Thailand’s central government is working to develop its palm oil industry, and the strategy includes promoting demand for bio-lubricants, -greases and -transformer oils, the National Palm Oil Policy Committee announced recently.
Especially in Asia, palm oil is one of the most popular sources of oleochemicals, chemicals like fatty acids, fatty alcohols, glycerols and esters used in the production of bio-lubricants as well as other materials. Thailand’s production of palm oil has been growing, but it now has an oversupply, so the government wants to increase demand by developing industries that use them.
Get alerts when new Sustainability Blog articles are available.
The government has identified six categories of products to target: base oils, biological transformer oil environmentally friendly detergents containing methyl ester sulfonates, bio-lubricants and greases, paraffin and environmentally benign pesticides.
Policies will focus on five areas:
- support for new manufacturing methods, infrastructure, science, and creativity, through programs like Thai innovation registration, which aims to accelerate the commercialization of innovative ideas;
- standards and testing, by establishing industrial product standards;
- investment incentives and other benefits to companies for research and development;
- promotion of eco-friendly products to increase demand for environmentally benign goods;
- and other areas such as the Eastern Economic Corridor development plan for the oleochemical industry.
Chaiwat Sowcharoensuk, an analyst at Krungsri Research, a business arm of Bank of Ayudhya, noted that the government has adopted a standard for B10 diesel – diesel containing 10% renewable ingredients – and assessed that this has created enough demand to balance the current domestic supply of palm oil.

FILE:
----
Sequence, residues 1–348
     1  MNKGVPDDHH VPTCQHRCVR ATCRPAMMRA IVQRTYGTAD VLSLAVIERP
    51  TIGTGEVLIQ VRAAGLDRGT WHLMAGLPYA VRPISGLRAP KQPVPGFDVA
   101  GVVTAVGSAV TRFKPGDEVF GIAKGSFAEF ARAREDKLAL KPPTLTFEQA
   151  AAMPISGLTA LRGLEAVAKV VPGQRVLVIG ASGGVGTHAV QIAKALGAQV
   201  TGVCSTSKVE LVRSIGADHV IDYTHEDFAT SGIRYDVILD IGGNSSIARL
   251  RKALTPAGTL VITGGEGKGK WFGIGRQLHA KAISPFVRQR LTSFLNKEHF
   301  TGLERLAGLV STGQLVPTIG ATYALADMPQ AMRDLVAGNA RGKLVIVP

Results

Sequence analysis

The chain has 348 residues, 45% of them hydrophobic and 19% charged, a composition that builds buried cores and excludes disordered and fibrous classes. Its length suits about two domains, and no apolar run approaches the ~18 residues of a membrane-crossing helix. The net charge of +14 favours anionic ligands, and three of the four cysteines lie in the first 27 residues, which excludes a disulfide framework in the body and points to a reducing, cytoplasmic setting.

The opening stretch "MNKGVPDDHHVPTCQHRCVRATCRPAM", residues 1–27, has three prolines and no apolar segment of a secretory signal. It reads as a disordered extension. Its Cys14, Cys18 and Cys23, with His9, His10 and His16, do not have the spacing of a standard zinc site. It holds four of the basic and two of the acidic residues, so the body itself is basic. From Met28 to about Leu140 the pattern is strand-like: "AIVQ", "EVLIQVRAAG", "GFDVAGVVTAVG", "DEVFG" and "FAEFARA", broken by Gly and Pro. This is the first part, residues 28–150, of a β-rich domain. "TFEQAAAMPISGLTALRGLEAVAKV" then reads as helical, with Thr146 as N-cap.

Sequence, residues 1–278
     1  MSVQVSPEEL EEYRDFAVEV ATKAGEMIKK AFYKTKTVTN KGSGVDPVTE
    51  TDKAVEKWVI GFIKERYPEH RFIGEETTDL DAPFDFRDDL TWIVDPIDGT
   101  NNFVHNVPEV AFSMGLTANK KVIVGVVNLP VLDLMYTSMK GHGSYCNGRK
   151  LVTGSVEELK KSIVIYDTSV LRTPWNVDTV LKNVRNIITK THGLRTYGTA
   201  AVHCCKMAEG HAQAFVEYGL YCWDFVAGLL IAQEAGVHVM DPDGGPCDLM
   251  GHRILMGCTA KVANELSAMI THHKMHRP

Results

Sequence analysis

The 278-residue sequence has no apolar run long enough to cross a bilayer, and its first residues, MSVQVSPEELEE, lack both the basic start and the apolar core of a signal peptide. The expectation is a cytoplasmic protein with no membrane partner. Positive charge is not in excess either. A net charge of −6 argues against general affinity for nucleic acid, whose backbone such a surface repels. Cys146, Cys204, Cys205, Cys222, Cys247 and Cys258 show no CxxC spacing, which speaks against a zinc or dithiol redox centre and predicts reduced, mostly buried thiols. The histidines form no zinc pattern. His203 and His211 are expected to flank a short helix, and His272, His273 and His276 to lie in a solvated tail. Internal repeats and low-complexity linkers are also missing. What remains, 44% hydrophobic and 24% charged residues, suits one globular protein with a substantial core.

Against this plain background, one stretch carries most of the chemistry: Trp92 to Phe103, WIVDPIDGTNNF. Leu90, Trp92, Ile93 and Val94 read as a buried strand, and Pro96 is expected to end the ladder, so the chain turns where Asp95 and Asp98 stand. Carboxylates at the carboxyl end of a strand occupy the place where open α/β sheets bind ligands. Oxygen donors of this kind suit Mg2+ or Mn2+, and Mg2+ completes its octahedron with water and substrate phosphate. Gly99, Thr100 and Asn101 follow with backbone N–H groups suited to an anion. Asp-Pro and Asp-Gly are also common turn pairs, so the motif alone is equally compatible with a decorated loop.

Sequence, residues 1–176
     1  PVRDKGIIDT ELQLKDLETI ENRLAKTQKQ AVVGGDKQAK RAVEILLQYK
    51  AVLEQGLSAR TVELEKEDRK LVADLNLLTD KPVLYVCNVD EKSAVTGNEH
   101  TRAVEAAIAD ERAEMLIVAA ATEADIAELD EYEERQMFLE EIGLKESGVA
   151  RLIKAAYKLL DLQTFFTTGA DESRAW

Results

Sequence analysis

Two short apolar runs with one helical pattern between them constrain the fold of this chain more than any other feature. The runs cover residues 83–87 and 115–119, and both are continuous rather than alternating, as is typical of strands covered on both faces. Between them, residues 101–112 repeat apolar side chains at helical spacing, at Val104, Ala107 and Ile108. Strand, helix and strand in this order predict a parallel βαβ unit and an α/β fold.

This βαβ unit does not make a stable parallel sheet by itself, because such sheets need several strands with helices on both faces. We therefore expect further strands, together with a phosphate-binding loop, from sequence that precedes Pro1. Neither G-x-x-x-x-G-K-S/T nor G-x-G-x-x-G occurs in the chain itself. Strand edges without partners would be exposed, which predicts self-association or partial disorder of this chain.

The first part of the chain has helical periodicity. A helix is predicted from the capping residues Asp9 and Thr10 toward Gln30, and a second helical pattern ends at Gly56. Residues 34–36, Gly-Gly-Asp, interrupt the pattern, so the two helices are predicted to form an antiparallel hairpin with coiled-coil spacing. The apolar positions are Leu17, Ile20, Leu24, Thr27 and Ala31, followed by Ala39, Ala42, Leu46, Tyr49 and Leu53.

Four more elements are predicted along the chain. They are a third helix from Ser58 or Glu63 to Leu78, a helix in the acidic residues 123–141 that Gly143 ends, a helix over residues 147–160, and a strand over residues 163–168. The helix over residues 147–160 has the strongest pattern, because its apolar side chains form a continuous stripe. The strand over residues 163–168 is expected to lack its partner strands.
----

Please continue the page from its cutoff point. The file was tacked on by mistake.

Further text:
“Krungsri Research anticipates that the push for the B10 measure is still the main policy to absorb raw materials of palm fruit and crude palm oil in the country,” Sowcharoensuk told Lube Report. “As a result, measures to develop the oleochemical industry will be added as another measure to aid in the absorption of palm produce. This will result in a stable palm price and sustainable development.”
Sowcharoensuk said that “the oleochemical industry is one of the industries that the Thai government is pushing, especially an environmentally friendly production model that is in line with the development of the concept of bio-economy and the Office of Industrial Economics has a master plan for the bioeconomy scheme to promote Thai farm products and aims to be the biochemical hub of Southeast Asia by 2027.”
According to Krungsri Research’s 2020 to 2022 industry outlook report, Thailand has been expanding its palm oil planted area, and an influx of maturing oil palms planted earlier are now producing high yields, leading to oversupply in recent years.
“Domestic demand for crude palm oil is expected to rise by 3% to 4% per annum, underpinned by strong government support for the sector – for example, government efforts to stabilize prices and increase the use of biodiesel,” the report said. “Despite this, the supply glut will continue to depress fresh oil palm prices.” The company said Thailand’s production of palm oil last year is expected to increase by 4% to 3.3 million tons with a share of about 95% for domestic consumption of refined oil and biodiesel products.
According to global consultancy firm Kline & Co.’s “Bio-Lubricants: Market Analysis and Opportunities” report last July, global bio-lubricants accounted for less than 1% of the global finished lubricants market at 350,000 tons in 2019. In terms of volume, North America consumes about half of the world’s bio-lubes, followed by Europe with about a quarter of demand. Asia-Pacific and South America consume the remaining 25%.
The company forecast bio-lubes to record a 3.5% compound annual growth rate from 2019 to 2024. The worst-case scenario predicts a 1.6% growth rate due to the COVID-19 pandemic.